31. 31. Assembly metrics• Number of contigs/scaffolds – Fewer is better, one is ideal• Contig sizes – Maximum, average, median, “N50” (next slide)• Total size – Should be close to expected genome size – Repeats may only be counted once• Number of “N”s – N is the ambiguous base, fewer is better
  32. 32. The “N50” metric• The N50 of a set of contigs is the size of the largest contig for which half the total size is contained in that contigs and those larger. – The weighted median contig size• Example: – 7 contigs totalling 20 units: 7, 4, 3, 2, 2, 1, 1 – N50 is 4, as 7+4=11, which is > 50% of 20• Warning! – Joining contigs can increase N50 eg. 7+4=11 – Higher N50 may mean more mis-assemblies
  33. 33. Scaffolding: concept• Sequence either end of the same molecule Sequence ends of fragments• Each read is a pair – Approximate known distance apart – Known relative orientation of reads• Can join contigs – Pairs straddling contigs can join contigs – May be unknown bases between, fill with Ns
  34. 34. Scaffolding: insert sizes• Insert size is the distance between pairs – Typically 200bp, 500bp, 3kbp, 5kbp, 10kbp• Smaller insert sizes – Nearly equivalent to single read of same length – Too short to span large repeats eg. rRNA• Larger insert sizes – Fantastic for spanning long repeats – Troublesome library construction – Higher variation in quality and chimeras
  35. 35. Scaffolding : method• Scaffolding algorithm – constraint-based optimization problem• Most assemblers include a scaffolding module – Velvet, Arachne, COBOG, AbySS• Standalone scaffolder: Bambus – Part of AMOS package – Can handle various types of constraints – Uses some heuristics to find solutions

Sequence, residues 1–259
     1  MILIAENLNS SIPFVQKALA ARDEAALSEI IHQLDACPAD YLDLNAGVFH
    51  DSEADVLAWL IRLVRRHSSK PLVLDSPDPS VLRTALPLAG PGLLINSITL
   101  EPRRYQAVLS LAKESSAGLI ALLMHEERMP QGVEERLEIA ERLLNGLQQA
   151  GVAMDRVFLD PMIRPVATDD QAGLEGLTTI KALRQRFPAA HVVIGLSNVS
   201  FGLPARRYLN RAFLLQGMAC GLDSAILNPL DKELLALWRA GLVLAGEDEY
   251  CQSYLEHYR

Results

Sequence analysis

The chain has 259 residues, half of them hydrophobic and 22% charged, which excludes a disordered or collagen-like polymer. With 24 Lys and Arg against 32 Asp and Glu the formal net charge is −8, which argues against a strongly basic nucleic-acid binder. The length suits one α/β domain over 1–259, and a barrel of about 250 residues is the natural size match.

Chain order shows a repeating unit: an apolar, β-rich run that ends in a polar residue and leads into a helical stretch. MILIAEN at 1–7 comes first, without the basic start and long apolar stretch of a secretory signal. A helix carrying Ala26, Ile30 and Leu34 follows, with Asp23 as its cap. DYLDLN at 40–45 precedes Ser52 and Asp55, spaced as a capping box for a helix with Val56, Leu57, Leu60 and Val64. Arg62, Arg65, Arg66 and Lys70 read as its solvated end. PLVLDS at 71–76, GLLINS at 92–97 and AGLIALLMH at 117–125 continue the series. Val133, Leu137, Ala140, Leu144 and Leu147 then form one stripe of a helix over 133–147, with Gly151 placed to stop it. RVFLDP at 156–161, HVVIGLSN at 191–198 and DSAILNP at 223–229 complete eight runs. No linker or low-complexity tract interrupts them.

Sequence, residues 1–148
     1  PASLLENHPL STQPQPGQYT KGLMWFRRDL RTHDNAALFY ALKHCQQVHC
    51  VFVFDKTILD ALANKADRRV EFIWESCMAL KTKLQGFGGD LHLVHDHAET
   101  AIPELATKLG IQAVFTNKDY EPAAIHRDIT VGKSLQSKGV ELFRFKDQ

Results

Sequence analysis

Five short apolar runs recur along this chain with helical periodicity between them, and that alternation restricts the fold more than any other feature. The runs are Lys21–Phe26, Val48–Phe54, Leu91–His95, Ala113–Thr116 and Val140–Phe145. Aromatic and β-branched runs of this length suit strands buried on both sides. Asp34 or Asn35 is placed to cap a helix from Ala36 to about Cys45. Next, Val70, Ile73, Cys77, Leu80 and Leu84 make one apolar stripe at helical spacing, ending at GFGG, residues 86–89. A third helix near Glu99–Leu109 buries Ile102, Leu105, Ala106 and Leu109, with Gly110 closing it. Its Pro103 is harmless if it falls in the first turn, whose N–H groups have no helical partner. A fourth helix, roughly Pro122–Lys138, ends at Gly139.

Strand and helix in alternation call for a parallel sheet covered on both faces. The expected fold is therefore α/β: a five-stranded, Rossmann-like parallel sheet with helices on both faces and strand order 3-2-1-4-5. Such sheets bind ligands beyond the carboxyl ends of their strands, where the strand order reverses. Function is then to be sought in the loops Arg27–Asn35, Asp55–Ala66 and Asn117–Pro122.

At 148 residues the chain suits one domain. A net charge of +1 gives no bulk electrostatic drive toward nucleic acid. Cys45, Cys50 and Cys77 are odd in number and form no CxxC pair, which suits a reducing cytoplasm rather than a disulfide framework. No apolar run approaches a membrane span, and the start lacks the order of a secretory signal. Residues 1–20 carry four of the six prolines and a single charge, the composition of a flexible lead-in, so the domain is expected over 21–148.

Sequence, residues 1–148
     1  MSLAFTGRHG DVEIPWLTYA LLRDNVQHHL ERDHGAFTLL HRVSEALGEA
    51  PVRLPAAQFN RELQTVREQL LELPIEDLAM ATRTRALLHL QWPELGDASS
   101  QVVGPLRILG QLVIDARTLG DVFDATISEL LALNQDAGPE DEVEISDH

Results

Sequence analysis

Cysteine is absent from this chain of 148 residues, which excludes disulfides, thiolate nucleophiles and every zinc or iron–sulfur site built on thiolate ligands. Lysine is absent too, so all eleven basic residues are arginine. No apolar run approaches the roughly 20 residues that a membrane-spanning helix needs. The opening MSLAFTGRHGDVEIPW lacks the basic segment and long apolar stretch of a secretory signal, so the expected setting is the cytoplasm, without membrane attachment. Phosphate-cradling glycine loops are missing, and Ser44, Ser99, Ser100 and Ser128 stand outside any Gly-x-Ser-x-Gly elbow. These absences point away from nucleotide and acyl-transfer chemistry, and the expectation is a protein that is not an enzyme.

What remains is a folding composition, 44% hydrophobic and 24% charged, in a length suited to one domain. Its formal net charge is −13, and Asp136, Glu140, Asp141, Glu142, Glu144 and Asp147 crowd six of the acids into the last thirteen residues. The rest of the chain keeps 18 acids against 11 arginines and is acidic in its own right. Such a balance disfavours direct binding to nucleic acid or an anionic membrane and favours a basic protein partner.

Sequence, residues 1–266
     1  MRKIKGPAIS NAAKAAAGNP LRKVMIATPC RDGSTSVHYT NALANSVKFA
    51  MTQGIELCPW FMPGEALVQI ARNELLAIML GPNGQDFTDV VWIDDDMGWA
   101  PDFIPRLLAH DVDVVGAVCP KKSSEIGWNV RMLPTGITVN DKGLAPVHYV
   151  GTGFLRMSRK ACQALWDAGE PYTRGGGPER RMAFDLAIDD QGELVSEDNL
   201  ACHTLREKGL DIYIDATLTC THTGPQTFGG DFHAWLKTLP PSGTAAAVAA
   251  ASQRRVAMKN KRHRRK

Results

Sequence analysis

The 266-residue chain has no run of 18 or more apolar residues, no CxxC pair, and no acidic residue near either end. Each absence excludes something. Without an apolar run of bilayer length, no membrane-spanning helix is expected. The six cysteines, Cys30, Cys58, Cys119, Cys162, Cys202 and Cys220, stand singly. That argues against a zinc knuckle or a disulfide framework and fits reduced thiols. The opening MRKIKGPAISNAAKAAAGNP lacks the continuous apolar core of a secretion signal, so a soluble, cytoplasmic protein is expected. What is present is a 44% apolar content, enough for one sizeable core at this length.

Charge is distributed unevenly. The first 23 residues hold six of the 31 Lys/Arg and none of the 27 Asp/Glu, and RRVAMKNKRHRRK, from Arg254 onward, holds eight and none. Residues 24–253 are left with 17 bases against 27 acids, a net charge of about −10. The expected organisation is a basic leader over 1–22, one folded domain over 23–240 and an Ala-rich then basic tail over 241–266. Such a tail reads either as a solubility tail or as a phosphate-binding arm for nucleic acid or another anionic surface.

36. 36. Optical mapping : overview• A restriction digest map on a genome scale! – OpGen USA (Prok), Schwartz Lab UWM (Euk)• Choose suitable enzyme restriction site – eg. Xbal8 : AACGTT• Get back a map of all locations of AACGTT – Accurate to about 200bp• Align contigs/scaffolds to optical map – Use MapSolver or SOMA software
  37. 37. Optical Mapping: example• Optical map | ||| | | || | ||| || || | | | | || | | | || |• Mapped contigs• Unmapped contigs• Need good number of sites to be mappable
  38. 38. Optical mapping: benefits• Gives global overview of molecule – Aids in genome finishing• Validates correctness of assembly – Identifies mis-assemblies – eg. M.avium paratb. K10 - found inversion• Becoming routine for bacterial genomes – Cost US$3000• Can do 2+ optical maps of same genome – More mappability
  39. 39. Genome finishing : aims• Produce a single “closed” DNA sequence – No gaps or ambiguous bases (only A,G,T,C) – No true contigs excluded• Possible? – Yes, for bacteria and virus – Troublesome, for larger genomes• Necessary? – Unfinished draft genomes still very useful – Advantage is simpler analysis, global structure
  40. 40. Genome finishing: methods• Close gaps (runs of Ns) – Design custom oligos each side of Ns – Get PCR product (hopefully only one band) – Sanger sequence the product• Join contigs/scaffolds – Primer walking to span long repeats – Try out oligo pair combinations• Laborious – Painful but rewarding when done!
  41. 41. How to close a bug genome• 454 mate-pair (¼ plate, 3kbp insert) – Good number of scaffolds & orphan contigs• Illumina paired-end (¼ lane, 200bp insert) – Correct homopolymer errors in 454 contigs – Extra sequence missed by 454• Optical map – Order & orient scaffolds• Finishing PCRs – Fill gaps, join contigs, publish!